The story itself is a sci-fantasy. That's all due to the concept of the Well World, where many different races live in hexagons on the planet's surface. They were all artificially created by a race called the Markovians, and the planet itself is run by a world brain. Thus, you have super-high tech appearing as magic, and many otherwise fantasy creatures, such as centaurs, mermaids, and hyper-intelligent concepts. (Really).
Yet, that's not the story. That's just the concept.
In the story itself, the passengers on a freighter, responding to a distress call, find themselves dragged into the Well World, given new bodies, and begin a race to reach the control center of the planet. To do that, each group must lie, cheat, steal, and cross alien and hostile hexes in order to get there first.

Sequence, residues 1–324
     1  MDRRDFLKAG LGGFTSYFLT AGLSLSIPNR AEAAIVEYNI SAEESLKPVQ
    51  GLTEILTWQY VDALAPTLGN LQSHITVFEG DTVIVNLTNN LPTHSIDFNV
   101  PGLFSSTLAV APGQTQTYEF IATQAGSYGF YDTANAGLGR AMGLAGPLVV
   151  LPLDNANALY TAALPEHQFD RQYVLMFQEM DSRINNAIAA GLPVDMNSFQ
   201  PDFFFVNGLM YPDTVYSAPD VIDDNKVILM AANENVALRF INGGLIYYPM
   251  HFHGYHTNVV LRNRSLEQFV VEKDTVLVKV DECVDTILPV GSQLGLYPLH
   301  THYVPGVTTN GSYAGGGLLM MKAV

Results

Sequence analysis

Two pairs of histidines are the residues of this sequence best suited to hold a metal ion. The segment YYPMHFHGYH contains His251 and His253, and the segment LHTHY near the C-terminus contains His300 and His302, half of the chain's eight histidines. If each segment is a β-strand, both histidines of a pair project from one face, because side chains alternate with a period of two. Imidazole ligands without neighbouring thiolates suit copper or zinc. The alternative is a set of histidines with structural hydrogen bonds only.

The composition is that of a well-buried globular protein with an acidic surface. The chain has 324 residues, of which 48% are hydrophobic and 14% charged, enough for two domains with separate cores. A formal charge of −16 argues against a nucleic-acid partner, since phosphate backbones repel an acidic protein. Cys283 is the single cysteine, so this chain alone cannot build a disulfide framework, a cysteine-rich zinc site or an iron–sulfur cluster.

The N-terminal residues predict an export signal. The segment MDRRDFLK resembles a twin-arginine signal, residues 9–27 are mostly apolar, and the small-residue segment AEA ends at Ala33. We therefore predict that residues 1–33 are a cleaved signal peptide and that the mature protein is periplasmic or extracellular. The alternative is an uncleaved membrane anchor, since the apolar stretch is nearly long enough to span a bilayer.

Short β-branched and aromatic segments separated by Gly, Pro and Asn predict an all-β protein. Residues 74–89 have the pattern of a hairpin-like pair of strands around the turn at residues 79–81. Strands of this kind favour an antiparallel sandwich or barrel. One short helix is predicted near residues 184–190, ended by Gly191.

The protagonist is a freighter captain, and inhumanly old Nathan Brazil, who doesn't much like what the human race has come to. Identical service clones are not his idea of a good time. When pulled into Well World, it soon becomes clear that there's more to Nathan than meets the eye, and he knows more about the Well World than he's letting on.
The book has a little sex, but not graphic enough to bother with. If you're easily offended by inter-species sex, and all the possible variations of offended implied by changing bodies, which also means changing genders, then this might not be a good book for you. Even so, the risque is mild by today's standards, and I don't think that most folks would notice much.